Slightly less simplistic and ridiculous than this past summer’s Abraham Lincoln: Vampire Hunter, Steven Spielberg’s snooze-inducing Lincoln – which, for the purposes of this review, shall go by the more appropriate and poetic title Stinkoln – is a study in arrogant Hollywood leftism thinly disguised as a prestigious period piece and civics lesson.  The essence of bare-assed propaganda, Stinkoln has multiple ulterior motives, which, however, are unified by the idea that the United States are a cess pit of ethical retardation and gross injustice, a situation that can be remedied only by a dictatorial executive beloved of “the people” and “clothed in immense power”.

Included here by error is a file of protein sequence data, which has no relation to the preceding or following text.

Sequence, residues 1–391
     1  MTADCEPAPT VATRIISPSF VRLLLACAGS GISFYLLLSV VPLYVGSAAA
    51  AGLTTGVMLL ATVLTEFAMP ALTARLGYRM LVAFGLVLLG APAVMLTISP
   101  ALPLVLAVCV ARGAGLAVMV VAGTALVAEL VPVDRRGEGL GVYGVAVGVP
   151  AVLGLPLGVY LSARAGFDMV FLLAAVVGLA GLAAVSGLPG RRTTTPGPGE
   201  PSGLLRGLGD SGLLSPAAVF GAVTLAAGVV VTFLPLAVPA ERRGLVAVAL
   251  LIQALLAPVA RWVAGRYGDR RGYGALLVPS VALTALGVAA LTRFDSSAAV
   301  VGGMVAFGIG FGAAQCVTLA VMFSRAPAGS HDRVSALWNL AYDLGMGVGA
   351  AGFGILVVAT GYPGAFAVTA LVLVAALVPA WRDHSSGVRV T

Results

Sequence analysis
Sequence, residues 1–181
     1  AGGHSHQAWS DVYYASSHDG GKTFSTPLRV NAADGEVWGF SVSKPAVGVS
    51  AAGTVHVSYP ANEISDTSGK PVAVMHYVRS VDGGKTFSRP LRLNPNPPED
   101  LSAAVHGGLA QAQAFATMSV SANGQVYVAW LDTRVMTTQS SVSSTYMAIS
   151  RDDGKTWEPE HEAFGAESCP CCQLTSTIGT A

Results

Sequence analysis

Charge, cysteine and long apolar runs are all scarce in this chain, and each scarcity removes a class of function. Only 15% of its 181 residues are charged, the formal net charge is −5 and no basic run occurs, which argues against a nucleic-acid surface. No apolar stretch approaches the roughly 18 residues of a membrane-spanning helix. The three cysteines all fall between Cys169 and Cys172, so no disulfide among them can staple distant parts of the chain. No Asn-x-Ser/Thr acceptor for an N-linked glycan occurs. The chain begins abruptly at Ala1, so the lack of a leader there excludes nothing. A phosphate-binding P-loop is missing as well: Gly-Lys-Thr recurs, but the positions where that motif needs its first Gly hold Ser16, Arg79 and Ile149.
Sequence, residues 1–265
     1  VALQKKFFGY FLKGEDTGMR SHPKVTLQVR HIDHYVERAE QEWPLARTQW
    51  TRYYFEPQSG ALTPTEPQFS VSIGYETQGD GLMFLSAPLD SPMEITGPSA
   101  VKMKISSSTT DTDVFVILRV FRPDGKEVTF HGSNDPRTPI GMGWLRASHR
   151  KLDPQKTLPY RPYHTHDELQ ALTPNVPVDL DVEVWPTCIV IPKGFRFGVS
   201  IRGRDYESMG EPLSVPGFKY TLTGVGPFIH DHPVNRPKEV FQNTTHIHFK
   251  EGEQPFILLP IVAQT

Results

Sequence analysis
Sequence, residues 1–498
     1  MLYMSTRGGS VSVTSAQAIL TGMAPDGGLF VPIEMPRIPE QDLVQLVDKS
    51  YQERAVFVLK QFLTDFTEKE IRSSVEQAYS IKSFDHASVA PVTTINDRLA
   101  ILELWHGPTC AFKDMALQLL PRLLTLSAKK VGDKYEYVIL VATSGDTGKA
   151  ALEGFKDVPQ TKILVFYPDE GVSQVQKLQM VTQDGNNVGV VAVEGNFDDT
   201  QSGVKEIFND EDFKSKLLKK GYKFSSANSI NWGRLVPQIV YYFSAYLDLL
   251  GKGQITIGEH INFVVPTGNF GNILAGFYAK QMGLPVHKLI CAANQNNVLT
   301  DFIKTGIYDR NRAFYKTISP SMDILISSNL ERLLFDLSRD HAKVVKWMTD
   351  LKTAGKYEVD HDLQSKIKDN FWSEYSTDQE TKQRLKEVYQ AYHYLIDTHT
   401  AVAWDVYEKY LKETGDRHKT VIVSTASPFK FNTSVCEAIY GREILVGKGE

Stinkoln fires its first shot with inspiring footage of black soldiers shooting, stabbing, and strangling white soldiers in open race warfare, after which two of the heroic Negroes pester the president himself for a raise and complain about their second-class citizen status.  Lincoln (Daniel Day-Lewis, doing his best Walter Brennan impression) gives evidence in this, his first scene, of what a shrewd politician he is by listening sympathetically, but then pretending to be half-senile and abruptly changing the subject, telling unfunny jokes instead of answering the Negroes’ concerns.  Lame comedy, unfortunately for the viewer, is a tactic that will be shamelessly employed by the commander-in-chief throughout the film, which focuses specifically on Lincoln’s crafty intention to stall peace negotiations with the Confederacy in order to force the passage of the Thirteenth Amendment, finally abolishing slavery.  Opposition is strong in that “rat’s nest” of “hicks and hacks” the House of Representatives, however, and securing the necessary votes is no easy task for the Anointed.